Chalk Talk: A state-school success story - but there's still a long way to go
Richard Garner has been Education Editor of The Independent for 12 years and writing about the subject for 34 years. Before becoming a journalist, he worked as a disc jockey in London pubs and clubs and for a hospital radio station. His main hobbies are cricket (watching these days) and theatre. On his days off, he is most likelt to be found at Lord’s or the King’s Head Theatre Club.
Wednesday 28 November 2012
To the top of London's Millbank Tower for the 15th anniversary of the education charity the Sutton Trust, set up by the millionaire philanthropist Sir Peter Lampl to get more disadvantaged pupils into top-performing schools and universities.
Sir Peter described his first meeting with ministers to discuss his plans when David Blunkett was Education Secretary. "I thought it might be just a cosy chat with me and the minister, but I was met by a football team [of civil servants]," he said.
"You won't be any more after he [Michael Gove] has done his work," quipped Blunkett, who was a guest at the lunch. Mr Gove is cutting 1000 civil service jobs as part of the Government's austerity measures.
Meanwhile, another guest at the luncheon was former National Union of Students president Wes Streeting, who now works with the gay rights group Stonewall. Streeting was a beneficiary of the Sutton Trust's university summer schools – designed to give disadvantaged young people a glimpse of Oxford and Cambridge in an attempt to persuade them to try their luck with applying to the two world-famous universities.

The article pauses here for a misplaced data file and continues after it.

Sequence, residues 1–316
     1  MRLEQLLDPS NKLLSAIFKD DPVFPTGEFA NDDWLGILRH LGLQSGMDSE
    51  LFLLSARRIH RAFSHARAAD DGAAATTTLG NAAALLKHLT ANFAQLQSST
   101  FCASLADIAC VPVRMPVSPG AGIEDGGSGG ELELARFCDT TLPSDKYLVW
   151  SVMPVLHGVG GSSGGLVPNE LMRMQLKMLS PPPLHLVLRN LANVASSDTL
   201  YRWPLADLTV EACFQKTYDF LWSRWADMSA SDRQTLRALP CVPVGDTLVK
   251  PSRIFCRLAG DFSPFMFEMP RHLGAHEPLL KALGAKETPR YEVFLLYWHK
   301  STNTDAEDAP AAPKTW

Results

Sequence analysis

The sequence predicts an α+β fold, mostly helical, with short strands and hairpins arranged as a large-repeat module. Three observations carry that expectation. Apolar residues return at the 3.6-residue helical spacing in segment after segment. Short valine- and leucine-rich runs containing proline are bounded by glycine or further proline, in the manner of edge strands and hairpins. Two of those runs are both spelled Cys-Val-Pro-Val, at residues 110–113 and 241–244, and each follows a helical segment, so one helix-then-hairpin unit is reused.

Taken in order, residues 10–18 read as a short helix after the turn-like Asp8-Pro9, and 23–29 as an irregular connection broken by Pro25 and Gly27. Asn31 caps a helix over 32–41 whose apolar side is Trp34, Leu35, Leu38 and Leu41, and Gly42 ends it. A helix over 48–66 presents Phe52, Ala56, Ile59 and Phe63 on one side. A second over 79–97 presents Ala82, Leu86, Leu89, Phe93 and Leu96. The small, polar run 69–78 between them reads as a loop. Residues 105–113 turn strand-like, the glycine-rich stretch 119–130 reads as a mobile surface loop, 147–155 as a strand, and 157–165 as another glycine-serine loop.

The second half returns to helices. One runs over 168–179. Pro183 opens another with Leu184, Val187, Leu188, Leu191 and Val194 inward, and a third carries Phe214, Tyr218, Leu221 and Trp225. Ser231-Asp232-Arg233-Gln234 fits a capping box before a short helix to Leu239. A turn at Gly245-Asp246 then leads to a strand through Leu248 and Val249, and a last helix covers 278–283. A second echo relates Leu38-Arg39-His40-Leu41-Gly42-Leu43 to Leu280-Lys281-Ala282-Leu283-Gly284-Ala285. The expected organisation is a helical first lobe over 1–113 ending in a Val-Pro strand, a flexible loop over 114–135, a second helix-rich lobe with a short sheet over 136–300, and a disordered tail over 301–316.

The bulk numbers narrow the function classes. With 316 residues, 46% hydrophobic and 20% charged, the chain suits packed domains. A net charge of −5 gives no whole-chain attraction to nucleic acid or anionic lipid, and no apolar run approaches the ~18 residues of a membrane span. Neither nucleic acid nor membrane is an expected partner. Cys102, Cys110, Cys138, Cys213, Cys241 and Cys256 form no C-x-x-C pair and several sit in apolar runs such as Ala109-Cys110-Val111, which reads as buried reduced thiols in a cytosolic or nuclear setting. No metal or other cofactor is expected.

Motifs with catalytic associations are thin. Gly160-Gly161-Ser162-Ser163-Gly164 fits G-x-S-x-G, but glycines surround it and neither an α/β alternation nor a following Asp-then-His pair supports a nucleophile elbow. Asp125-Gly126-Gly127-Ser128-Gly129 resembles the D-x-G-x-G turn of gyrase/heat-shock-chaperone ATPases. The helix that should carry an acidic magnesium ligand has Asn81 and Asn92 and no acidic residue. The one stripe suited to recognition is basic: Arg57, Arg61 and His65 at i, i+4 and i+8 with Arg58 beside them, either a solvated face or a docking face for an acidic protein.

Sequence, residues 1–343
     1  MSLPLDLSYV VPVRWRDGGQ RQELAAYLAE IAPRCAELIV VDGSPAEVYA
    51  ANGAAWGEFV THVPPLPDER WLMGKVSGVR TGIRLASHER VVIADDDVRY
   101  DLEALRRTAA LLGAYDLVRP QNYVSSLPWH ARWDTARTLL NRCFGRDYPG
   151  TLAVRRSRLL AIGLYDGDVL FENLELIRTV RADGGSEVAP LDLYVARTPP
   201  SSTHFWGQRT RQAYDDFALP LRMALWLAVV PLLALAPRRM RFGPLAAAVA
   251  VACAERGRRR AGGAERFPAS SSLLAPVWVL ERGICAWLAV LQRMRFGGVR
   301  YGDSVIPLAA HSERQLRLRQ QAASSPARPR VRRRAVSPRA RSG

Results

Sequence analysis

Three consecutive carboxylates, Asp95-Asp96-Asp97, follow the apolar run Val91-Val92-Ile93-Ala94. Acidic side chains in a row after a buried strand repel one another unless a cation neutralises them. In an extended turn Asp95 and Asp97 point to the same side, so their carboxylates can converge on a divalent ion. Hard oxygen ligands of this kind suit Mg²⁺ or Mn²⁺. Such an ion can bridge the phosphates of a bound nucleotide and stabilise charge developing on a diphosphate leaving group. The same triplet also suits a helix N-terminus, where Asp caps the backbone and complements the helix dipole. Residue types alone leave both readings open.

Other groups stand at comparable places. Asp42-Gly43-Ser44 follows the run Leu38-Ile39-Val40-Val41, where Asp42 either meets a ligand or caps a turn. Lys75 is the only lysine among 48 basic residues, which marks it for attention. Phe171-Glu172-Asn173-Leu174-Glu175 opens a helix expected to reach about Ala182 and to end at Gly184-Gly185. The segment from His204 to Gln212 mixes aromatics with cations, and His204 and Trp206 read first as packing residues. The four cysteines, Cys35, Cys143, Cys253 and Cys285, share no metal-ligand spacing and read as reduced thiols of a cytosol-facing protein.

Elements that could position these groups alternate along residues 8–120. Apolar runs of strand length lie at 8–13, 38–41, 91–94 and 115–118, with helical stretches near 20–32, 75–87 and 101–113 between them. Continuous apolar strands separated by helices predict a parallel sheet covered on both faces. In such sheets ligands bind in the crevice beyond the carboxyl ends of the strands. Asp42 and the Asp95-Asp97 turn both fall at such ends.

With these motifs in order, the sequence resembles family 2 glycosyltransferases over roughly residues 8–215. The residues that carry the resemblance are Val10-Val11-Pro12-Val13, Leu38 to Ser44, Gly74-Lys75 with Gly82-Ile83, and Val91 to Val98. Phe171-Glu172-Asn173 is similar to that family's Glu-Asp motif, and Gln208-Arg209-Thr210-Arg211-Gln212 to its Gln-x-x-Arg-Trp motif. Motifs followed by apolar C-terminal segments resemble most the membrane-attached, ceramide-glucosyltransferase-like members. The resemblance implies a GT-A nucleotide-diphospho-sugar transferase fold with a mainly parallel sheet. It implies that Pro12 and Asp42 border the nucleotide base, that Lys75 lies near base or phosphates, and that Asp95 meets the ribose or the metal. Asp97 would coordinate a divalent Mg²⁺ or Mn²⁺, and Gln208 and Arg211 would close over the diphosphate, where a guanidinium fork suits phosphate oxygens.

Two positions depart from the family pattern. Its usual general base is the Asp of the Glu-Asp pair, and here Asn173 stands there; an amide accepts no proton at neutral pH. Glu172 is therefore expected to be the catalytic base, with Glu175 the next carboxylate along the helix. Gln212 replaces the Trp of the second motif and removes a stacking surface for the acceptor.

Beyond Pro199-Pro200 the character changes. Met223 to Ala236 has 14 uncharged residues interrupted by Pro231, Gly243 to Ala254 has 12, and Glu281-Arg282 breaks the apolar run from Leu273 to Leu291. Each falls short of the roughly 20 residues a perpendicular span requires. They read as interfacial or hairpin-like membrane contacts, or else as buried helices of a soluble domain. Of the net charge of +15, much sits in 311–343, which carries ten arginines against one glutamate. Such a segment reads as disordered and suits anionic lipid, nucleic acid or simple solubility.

Streeting, who was born and brought up on a Tower Hamlets council estate and then went to a secondary school in Westminster that was declared failing while he was being taught there, was at pains to point out he had not been at Millbank the last time students visited it – during the student riots over tuition fees two years ago, His presence, though, was just one indication of how successful the summer school scheme was – the number of state school pupils going to Oxbridge has gone up by 10 percentage points since the Trust was launched.
There is still a lot to be done, though, Lampl admitted. He likened the battle to improve social mobility in the UK to the "war on cancer". "It can never be won but you can make progress," he said.
Of course, his ongoing campaign is to persuade the Government to back "open access" schools where students are admitted on ability rather than ability to pay – with cash aid to those parents who cannot afford the fees. Let's see how that's going in another 15 years.
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